Jun 19, 2014
Volunteer (All reviews)
Ping Pong The Animation is an exceptional show. This is less of a sports anime and more of a powerful emotions series. It's a beautifully crafted coming of age story and one that certainly doesn't come along often. In a word, it's unconventional. Nothing about Ping Pong feels ordinary so love it or hate it, it's hard to not recognize its artistic merit.

The story is a simple one and it chronicles the lives of two boys and their experiences with table tennis. We're introduced to Makoto Tsukimoto, aptly nicknamed "Smile", and his boastful best friend Yutaka Hoshino, or "Peco". These two are polar opposites and we follow them through their high school ping pong careers. Their story is told in just 11 episodes and it's nothing short of pacing perfection. Everything meshes wonderfully from start to finish and each episode provides just the right amount of information without overwhelming or confusing the viewer. Ping Pong is great at giving you important plot points piece by piece and this makes it an incredibly engaging experience. Each episode is satisfying and this makes it very tempting to marathon.

This is where things start to get shaky for the average anime viewer. The art style is simple and misshapen. There are no enormous and colorful eyes. The lines are crude and uneven so things like ping pong balls aren't perfect circles. It'd be no exaggeration to say this is some of the most unorthodox art in the industry today, but by no means is it bad. It may be out of the comfort zone, but it's fitting for what the show is trying to do and it has an inexplicable charm to it. The animation is quite weak at times and things just look sloppy. This actually works to the show's advantage by providing a unique style of its own. The art and animation stay consistent the whole way through. If this bothers you, get out while you still can.

It's hard to believe a show about ping pong has music as good as this. The sound sets the mood perfectly. From simple melodic tunes while training to the adrenaline pumping opening song, Ping Pong knows just the right track to play at every given moment. A handful of tracks feel a bit out of place, but as a whole, it feels like watching one long movie. Additionally, the music is very good at distorting one's perception of time. There are times where it goes completely silent to emphasize the strain on a character. You may even associate certain songs with certain characters and this is a very good thing because it means you're connecting with them.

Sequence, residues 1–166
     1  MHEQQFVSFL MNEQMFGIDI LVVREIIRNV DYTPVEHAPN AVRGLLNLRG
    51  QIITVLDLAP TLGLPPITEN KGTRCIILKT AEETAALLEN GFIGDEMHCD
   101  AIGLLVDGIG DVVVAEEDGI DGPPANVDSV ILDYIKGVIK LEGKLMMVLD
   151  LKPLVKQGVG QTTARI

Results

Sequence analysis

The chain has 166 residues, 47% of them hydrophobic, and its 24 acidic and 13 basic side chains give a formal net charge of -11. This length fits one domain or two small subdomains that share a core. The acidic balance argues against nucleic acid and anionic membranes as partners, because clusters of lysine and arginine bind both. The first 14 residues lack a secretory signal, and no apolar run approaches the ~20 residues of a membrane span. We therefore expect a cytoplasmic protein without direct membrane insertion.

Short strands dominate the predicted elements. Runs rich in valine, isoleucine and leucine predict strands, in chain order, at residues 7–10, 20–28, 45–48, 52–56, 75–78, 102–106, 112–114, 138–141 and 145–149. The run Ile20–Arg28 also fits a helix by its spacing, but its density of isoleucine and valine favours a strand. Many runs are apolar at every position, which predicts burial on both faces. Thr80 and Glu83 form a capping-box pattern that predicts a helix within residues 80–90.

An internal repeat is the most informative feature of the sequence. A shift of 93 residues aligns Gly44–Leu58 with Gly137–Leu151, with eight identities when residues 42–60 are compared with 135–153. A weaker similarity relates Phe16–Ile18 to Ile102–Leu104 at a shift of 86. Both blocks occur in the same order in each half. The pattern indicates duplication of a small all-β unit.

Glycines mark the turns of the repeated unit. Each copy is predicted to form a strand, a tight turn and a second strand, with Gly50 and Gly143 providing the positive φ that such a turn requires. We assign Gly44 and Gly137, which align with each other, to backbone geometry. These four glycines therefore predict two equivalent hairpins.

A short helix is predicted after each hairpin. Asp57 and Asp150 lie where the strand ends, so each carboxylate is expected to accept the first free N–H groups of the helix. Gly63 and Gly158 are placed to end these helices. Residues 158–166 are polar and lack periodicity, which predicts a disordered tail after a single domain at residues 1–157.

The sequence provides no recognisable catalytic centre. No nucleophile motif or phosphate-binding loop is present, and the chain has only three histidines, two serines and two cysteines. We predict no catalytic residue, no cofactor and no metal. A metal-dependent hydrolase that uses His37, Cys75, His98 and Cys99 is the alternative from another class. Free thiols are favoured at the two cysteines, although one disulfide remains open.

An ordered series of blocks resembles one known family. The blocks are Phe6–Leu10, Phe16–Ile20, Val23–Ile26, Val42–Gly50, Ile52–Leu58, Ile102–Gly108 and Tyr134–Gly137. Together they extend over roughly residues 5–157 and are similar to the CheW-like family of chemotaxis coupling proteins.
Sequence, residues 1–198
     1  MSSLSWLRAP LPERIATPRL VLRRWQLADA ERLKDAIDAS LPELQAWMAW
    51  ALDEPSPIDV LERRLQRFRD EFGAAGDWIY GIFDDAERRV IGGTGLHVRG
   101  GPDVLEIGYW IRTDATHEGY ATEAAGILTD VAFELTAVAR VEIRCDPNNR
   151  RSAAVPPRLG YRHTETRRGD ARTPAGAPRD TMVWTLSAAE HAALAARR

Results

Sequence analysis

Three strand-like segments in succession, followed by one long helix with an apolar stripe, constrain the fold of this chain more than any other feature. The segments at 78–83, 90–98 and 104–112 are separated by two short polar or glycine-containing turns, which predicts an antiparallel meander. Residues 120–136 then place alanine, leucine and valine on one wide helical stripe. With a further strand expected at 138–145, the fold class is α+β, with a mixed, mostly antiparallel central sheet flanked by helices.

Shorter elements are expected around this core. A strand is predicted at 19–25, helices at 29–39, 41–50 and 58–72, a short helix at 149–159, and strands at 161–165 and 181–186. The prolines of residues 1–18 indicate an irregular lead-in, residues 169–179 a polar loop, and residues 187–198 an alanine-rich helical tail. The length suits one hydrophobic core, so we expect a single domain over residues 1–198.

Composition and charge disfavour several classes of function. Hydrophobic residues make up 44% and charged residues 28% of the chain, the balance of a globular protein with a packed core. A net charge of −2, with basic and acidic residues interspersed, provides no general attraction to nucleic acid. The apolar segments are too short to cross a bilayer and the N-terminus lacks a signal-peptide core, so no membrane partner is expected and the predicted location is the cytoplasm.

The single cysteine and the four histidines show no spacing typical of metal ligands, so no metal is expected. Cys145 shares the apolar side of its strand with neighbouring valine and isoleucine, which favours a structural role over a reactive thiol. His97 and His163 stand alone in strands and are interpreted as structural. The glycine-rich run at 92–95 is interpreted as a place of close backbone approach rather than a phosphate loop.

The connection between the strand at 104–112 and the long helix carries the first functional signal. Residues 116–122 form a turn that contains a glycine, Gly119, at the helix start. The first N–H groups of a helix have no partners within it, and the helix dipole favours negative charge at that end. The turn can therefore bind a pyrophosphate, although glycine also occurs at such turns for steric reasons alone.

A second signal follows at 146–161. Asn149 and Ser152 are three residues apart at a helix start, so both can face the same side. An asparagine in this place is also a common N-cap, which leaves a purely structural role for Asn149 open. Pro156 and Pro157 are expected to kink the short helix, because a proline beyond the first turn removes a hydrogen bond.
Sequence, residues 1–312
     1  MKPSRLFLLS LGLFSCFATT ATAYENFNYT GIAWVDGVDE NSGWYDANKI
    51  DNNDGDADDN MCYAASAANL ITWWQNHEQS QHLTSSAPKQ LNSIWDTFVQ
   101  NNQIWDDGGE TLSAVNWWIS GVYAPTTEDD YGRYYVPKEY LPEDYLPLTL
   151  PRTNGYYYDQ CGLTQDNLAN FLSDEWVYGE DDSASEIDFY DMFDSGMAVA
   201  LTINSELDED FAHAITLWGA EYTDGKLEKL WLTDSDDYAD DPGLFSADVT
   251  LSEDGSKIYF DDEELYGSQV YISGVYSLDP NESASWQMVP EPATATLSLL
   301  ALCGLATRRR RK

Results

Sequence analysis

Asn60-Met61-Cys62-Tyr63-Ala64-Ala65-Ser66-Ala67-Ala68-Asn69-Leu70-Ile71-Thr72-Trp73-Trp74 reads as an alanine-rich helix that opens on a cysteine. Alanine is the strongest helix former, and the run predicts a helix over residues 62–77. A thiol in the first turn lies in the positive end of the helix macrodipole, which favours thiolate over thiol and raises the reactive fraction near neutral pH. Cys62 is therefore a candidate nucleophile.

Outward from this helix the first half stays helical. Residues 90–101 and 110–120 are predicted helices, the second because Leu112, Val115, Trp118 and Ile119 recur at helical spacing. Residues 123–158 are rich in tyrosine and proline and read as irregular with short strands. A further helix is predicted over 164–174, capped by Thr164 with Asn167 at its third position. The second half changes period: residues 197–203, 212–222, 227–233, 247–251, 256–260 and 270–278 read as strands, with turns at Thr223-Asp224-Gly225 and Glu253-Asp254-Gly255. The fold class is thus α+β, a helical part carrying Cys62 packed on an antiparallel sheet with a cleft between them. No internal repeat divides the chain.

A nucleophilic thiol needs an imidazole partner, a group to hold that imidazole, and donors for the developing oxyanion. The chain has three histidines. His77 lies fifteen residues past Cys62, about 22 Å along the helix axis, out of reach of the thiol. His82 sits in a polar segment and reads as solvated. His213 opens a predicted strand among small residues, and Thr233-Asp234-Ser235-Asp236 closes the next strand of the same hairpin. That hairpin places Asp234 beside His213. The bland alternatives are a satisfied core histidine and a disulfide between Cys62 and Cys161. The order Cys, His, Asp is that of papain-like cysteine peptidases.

Where Ping Pong really shines is its characters. The amount of development in such a short time is staggering. The interactions between characters are astoundingly genuine; every conversation feels natural. There's meaningful growth in even the most unlikely people and this is a breath of fresh air from shows where nothing seems to change.

I don't want to go into too much detail regarding individuals, but the rivalries between characters are beautifully illustrated. Their personalities bounce off of each other in a frighteningly realistic way. The harsh reality of athletics is painted not only on their faces, but also on their words. A lot of conversations later on are poignant and almost poetic. It's tragic at times and these interactions do a great job of maintaining the morbid realism that made the early episodes special.

Ping Pong is not a light watch. This is something that can be enjoyed by anyone who wants a good story. You don't have to like or even understand table tennis, it's first and foremost a tale about growing up. It's undoubtedly a memorable experience and something very much worth your time if you keep an open mind.